Why Bigger May Not Be Better When It Comes To Selling Your Minneapolis Duplex

new homeI was surprised over the weekend when an experienced investor wanted to make an offer on a Minneapolis duplex based on the average price per square foot of comparable duplex sales in the neighborhood.

While the cost per finished square foot (fsf) of a property does influence the single family home market, it has little, if any, impact when it comes to investment property.

What determines the value of a duplex?

Rent. Who pays the utilities. Neighborhood. And, to some extent, the amount someone could buy a single family home that’s comparable to one of the units for.

Let’s start with rent. Why is it important?

If one duplex in a neighborhood has a 2000 fsf studio apartment that has a market rent of $500, and another duplex has a four bedroom unit that’s just 1350 fsf, but rents for $1500 a month, which property is worth more?

From a revenue standpoint, the one that generates more rent.

What if you have two identical units duplexes in comparable condition right next door to one another. All four units in each of the two properties rent for the same amount of money.

But in one duplex the landlord pays the heat, resulting in an annual expense of $3000. In the other building, each tenant pays for his or her own heating costs, meaning the second landlord has $3000 less in annual expenses than the first.

Which duplex is worth more? The second, because it generates more income for the investor.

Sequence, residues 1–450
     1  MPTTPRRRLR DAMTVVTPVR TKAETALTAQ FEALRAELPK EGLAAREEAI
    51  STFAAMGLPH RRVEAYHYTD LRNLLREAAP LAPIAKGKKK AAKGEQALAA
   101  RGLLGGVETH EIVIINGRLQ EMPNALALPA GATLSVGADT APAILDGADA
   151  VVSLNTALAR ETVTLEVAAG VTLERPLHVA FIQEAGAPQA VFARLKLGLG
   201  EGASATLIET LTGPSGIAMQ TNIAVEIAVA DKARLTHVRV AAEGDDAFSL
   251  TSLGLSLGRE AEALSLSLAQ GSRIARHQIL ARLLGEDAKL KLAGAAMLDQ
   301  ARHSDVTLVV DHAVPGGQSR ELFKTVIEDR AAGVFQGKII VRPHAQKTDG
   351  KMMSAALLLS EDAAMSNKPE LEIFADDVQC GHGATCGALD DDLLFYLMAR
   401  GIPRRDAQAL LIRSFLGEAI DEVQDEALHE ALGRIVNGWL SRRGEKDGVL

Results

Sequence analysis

So how do single family homes fit into valuing a duplex?

In some popular neighborhoods, prospective home owners are priced out of the market due to the demand for properties in the area. For example, they may be able to afford a $150,000 two bedroom bungalow near a lake. However, since so many people want to live there, the least expensive single family home in the area is listed for $225,000.

This lack of affordability causes many buyers to explore the option of purchasing a duplex. They are willing to take on the added responsibility of having a tenant who pays a significant portion of their mortgage in order to live in a neighborhood they love.

This was the case with my buyer. He is actually looking for a property to owner occupy.

So when we write an offer on the property he’s interested in, we’re going to look at all of the above factors. The heaviest emphasis, however, won’t be how well it cash flows but rather, how it compares to other owner-occupied type duplexes that have sold in the area.

Not how many finished square feet it has.